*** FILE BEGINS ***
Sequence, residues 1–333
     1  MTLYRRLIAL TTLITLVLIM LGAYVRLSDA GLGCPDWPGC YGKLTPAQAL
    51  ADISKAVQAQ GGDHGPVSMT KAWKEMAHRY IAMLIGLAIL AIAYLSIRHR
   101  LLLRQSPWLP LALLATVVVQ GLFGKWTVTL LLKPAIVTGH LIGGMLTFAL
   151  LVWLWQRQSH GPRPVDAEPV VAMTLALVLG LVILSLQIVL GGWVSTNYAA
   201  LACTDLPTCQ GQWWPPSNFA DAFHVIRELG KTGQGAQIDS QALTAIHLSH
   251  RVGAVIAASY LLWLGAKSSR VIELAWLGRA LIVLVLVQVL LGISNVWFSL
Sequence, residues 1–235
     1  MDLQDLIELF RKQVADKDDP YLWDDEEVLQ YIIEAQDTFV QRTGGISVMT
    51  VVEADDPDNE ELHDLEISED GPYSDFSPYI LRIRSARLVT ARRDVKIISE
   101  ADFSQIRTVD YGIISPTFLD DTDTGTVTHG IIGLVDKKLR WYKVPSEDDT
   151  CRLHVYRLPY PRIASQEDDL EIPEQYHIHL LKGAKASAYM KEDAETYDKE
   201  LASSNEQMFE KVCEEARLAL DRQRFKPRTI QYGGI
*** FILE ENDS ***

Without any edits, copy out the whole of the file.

Sequence, residues 1–333
     1  MTLYRRLIAL TTLITLVLIM LGAYVRLSDA GLGCPDWPGC YGKLTPAQAL
    51  ADISKAVQAQ GGDHGPVSMT KAWKEMAHRY IAMLIGLAIL AIAYLSIRHR
   101  LLLRQSPWLP LALLATVVVQ GLFGKWTVTL LLKPAIVTGH LIGGMLTFAL
   151  LVWLWQRQSH GPRPVDAEPV VAMTLALVLG LVILSLQIVL GGWVSTNYAA
   201  LACTDLPTCQ GQWWPPSNFA DAFHVIRELG KTGQGAQIDS QALTAIHLSH
   251  RVGAVIAASY LLWLGAKSSR VIELAWLGRA LIVLVLVQVL LGISNVWFSL
Sequence, residues 1–235
     1  MDLQDLIELF RKQVADKDDP YLWDDEEVLQ YIIEAQDTFV QRTGGISVMT
    51  VVEADDPDNE ELHDLEISED GPYSDFSPYI LRIRSARLVT ARRDVKIISE
   101  ADFSQIRTVD YGIISPTFLD DTDTGTVTHG IIGLVDKKLR WYKVPSEDDT
   151  CRLHVYRLPY PRIASQEDDL EIPEQYHIHL LKGAKASAYM KEDAETYDKE
   201  LASSNEQMFE KVCEEARLAL DRQRFKPRTI QYGGI